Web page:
A bookmaker failing to donate to a charity? What a shocking development! Now, despite the obvious sarcasm here, you’re probably wondering why I’m writing a blog on such a nothing news story. It should not come as any great surprise that bookmakers are not traditionally known for their charitable nature. But, believe it or not, the expectations you have of bookmakers is about to drop to a new all-time low.
You might not have heard of this bookmaker as they are relatively new to the market, but Bet4Causes is a bookmaker who appeared to be taking gambling in a new and refreshing direction. The clue is somewhat in the name – they had linked themselves with several notable sports charities and claimed that 20% of their profits would go to those charities.
Now this threatened to be mildly revolutionary. Bringing a degree of morality to an industry that is better known for its shadiness and profiting from addiction. For those interested, the three main charities were World Horse Welfare, the Greatwood home for retired racehorses and Street Games, which brings sport to disadvantaged communities. The cyclical effect of this was rather nice, punters placing money on sports would, as a by-product, be aiding charities that helped their sports thrive in the future.
When we first saw this at Heads&Heads, we were impressed and for once stepped back from our usual cynicism of bookmakers to applaud this innovation in the gambling industry. In fact, we were impressed to such an extent that we refused to post Bet4Causes welcome offer on our site. It seemed poor form to send our members to a bookmaker that they were unlikely to use long term. Generally speaking though, we really hoped they’d grow as a company and stick to their promise.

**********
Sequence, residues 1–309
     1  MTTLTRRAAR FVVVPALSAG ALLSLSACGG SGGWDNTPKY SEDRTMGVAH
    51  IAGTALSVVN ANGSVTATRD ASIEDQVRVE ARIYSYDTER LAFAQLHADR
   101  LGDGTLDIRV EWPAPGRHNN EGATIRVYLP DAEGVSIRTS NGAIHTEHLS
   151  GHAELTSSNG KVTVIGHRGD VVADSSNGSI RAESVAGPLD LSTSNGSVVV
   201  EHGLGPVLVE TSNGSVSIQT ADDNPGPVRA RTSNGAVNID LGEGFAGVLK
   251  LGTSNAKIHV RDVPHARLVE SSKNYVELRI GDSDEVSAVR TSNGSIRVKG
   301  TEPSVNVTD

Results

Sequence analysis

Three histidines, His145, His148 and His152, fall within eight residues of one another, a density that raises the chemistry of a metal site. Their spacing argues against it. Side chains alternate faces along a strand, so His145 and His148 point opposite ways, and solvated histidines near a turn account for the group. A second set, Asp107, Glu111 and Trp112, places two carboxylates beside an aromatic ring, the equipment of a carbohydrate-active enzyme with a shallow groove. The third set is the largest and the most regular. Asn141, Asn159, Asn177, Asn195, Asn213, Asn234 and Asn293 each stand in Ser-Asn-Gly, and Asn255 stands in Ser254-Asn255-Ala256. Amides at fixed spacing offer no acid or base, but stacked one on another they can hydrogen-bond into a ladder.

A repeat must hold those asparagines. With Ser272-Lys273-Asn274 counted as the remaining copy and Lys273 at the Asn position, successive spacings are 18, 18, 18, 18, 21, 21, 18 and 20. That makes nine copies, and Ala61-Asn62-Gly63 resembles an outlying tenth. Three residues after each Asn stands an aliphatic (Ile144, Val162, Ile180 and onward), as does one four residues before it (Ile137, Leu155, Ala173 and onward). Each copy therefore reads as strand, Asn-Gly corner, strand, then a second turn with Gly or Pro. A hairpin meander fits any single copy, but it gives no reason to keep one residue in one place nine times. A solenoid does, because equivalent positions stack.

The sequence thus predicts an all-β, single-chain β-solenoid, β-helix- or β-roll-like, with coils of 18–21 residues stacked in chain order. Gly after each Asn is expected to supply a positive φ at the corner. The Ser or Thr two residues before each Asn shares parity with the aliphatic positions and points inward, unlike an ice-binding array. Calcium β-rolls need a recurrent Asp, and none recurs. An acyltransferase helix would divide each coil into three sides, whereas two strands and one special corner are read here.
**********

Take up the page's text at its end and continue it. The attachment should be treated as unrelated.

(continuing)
You’ve probably already correctly guessed the conclusion to which we are about to reach. Recently, the Guardian newspaper revealed that none of the three charities previously mentioned had received any money. In the words of Helen Yeadon, a co-founder of Greatwood: “We’ve been chasing up about it this week because we haven’t received a penny,”.
If you think this is as bad as it gets, you’d be wrong. Bet4Causes is essentially an affiliate of Myclubbetting, the CEO (Stephen Wundke) of which promptly came out on the offensive. Stating that Bet4Causes had good intentions but was let down by the charities it represented because they failed to promote the site and get their supporters to sign up. He then went on to say that software had shown the Bet4Causes page only having two views so far, this year. Which does leave us wondering what exactly Stephen’s marketing strategy was. One hopes it was more than simply passing the buck to the charities you were supposedly helping.
Wundke then appears to round off his argument by blaming the scourges of society – matched bettors. Stating those that signed up for Bet4Causes had proved ‘sharper than average punters’ and included a large number of ‘bonus abusers’ (an affectionate new term for us). Setting aside the fact that Wundke has essentially just insulted the very customer base he is trying to win over by saying they are not as sharp as us, this has deflection written all over it. We matched bettors are an easy ‘get out of jail free’ card for bookmakers when something goes wrong. What makes this worse is that Heads&Heads at least, did not send any of our members there because, a bookmaker not motivated entirely by greed is something even we want to see.
It gets worse the more you dig in to this story and frankly we’ve lost all sympathy. When pressed that the business must have a decent turnover in April, Wundke defended keeping any results from growth for themselves arguing: ‘it had been generated by the efforts of his company rather than the charities themselves. He therefore did not agree that a payment to the charities was required at this stage’.
Bet4Causes webpage, carrying the strapline ‘Giving back to sport’, was taken down last week. You can draw your own conclusions. As ever, it just reinforces the view that bookmakers can never be fully trusted.